Origin of 420
Out of the many ideas of the origins of 420, one even including Hitler’s birthday, there’s only one true story.
The most credible story traces 4/20 to Marin County, Calif. In 1971, five students at San Rafael High School would meet at 4:20 p.m. by the campus’ statue of chemist Louis Pasteur to partake. They chose that specific time because extracurricular activities had usually ended by then. This group — Steve Capper, Dave Reddix, Jeffrey Noel, Larry Schwartz, and Mark Gravich — became known as the “Waldos” because they met at a wall. They would say “420” to each other as code for marijuana.
As Reddix told TIME in 2017, “We got tired of the Friday-night football scene with all of the jocks. We were the guys sitting under the stands smoking a doobie, wondering what we were doing there.”
Later, Reddix’s brother helped him get work with Grateful Dead bassist Phil Lesh as a roadie, so the band is said to have helped popularize the term “420.”
The term “420” was widely in use by the end of the 1970s. Deadheads spread it outward like a virus from their San Rafael ground zero. Within a decade, pot smokers were using it across the country and around the world. High Times started using the term “420” as early as 1990, and later bought the website 420.com, which includes videos, news, horticulture tips, and activism.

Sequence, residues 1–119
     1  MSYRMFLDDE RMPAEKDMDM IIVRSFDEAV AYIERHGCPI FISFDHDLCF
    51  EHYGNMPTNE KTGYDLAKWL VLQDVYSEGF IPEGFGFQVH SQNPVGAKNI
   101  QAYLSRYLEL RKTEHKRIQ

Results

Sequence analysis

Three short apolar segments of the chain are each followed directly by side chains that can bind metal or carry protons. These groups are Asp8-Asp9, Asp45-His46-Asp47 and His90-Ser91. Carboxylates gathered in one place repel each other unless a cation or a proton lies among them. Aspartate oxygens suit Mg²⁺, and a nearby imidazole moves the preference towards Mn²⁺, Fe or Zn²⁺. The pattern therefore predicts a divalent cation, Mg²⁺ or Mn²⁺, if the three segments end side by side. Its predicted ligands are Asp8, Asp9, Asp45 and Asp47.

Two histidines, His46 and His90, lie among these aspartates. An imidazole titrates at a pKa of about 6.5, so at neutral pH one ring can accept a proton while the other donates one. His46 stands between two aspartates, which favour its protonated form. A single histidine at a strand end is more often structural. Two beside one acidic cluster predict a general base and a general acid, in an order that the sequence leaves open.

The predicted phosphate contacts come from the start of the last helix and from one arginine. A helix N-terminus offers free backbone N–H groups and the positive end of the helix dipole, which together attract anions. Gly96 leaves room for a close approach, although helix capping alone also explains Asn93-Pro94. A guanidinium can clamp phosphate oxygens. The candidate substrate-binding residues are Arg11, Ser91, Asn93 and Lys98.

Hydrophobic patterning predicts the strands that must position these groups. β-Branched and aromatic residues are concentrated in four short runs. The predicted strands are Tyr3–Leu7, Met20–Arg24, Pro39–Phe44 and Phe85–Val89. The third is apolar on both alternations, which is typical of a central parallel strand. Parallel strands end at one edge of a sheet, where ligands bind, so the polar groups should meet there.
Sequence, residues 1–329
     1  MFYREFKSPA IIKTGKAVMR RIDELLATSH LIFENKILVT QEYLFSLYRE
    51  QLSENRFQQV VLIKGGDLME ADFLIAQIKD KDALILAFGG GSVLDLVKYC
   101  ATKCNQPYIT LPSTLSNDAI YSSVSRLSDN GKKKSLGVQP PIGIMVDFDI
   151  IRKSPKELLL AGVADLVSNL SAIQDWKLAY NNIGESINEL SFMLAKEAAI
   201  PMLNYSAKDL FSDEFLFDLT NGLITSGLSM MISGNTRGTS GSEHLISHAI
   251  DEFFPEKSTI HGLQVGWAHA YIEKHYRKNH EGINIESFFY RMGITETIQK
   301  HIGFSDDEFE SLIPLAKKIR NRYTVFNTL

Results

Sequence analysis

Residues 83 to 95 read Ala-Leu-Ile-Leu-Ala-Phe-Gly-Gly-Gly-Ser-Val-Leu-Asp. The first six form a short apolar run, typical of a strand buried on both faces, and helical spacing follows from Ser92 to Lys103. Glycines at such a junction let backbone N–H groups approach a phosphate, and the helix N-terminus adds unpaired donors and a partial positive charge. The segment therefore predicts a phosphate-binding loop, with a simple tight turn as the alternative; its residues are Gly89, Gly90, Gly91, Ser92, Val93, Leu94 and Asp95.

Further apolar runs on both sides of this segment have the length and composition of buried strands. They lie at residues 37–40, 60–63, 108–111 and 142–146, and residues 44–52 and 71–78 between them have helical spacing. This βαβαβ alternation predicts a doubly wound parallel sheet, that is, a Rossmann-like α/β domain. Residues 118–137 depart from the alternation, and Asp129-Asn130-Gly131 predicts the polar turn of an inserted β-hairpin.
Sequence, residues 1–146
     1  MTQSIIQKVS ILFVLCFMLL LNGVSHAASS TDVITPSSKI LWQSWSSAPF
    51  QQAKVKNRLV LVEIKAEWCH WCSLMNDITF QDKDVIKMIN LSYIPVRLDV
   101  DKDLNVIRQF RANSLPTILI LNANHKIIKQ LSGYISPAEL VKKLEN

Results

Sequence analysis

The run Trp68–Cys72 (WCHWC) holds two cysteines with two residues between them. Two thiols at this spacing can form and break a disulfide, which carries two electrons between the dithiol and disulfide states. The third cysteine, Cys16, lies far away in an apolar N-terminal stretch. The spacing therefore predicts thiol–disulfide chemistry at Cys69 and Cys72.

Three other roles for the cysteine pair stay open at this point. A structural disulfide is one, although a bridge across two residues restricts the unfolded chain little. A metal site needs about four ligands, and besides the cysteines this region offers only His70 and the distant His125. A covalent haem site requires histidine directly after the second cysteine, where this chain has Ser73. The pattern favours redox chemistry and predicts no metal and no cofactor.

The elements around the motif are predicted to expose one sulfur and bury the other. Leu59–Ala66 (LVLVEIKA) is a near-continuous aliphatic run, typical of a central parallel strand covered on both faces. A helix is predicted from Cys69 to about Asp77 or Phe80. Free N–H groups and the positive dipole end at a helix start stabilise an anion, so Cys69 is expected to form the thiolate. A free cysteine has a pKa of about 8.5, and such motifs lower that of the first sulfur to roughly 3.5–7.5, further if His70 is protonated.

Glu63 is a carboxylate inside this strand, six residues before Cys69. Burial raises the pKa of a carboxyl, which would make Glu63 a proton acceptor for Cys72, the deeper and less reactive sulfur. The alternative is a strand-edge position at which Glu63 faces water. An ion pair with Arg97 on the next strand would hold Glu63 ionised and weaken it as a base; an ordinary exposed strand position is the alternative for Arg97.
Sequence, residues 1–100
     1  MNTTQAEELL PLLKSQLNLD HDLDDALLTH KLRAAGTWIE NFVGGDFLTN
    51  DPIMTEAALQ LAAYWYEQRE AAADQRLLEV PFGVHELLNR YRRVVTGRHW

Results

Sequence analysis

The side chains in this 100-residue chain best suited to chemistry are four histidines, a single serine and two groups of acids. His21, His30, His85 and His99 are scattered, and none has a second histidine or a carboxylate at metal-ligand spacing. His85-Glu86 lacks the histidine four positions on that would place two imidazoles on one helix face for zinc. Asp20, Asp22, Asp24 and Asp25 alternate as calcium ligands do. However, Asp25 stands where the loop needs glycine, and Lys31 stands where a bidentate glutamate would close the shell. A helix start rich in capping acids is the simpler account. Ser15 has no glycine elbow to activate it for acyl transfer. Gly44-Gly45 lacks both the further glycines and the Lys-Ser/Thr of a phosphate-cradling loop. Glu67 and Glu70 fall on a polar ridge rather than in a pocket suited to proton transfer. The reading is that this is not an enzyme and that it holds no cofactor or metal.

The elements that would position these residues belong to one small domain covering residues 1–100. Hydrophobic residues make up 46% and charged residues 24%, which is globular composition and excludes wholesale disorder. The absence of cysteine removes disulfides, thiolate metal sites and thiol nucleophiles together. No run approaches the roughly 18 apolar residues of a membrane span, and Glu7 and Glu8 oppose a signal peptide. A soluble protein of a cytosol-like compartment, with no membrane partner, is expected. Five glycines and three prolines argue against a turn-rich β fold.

Pop culture is filled with references to 420. The clocks and timepieces in Pulp Fiction and later in Lost in Translation are all set to 420. And is it an accident that the score on the football scoreboard in stoner classic Fast Times at Ridgemont High reads 42-0?
While many other illicit tales of the origins of 420 have wafted into the half-baked history books, the Waldos have proof they used the word back in the 70s. Kept safely tucked away in a vault in a San Francisco bank is their original 420 tie-dyed flag, a newspaper clipping where one of the members discusses wanting to just say “420” for his high school graduation speech and postmarked letters between the group filled with 420 references.
What are you going to do to celebrate the holiday this year?